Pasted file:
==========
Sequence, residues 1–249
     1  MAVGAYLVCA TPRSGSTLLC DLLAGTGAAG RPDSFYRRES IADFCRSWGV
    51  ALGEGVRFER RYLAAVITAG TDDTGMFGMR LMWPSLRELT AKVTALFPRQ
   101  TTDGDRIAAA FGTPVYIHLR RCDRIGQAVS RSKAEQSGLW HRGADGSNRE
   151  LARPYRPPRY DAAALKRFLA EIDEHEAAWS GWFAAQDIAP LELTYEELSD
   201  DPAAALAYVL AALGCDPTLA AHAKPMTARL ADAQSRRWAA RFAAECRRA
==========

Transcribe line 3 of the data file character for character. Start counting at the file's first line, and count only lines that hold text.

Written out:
    51  ALGEGVRFER RYLAAVITAG TDDTGMFGMR LMWPSLRELT AKVTALFPRQ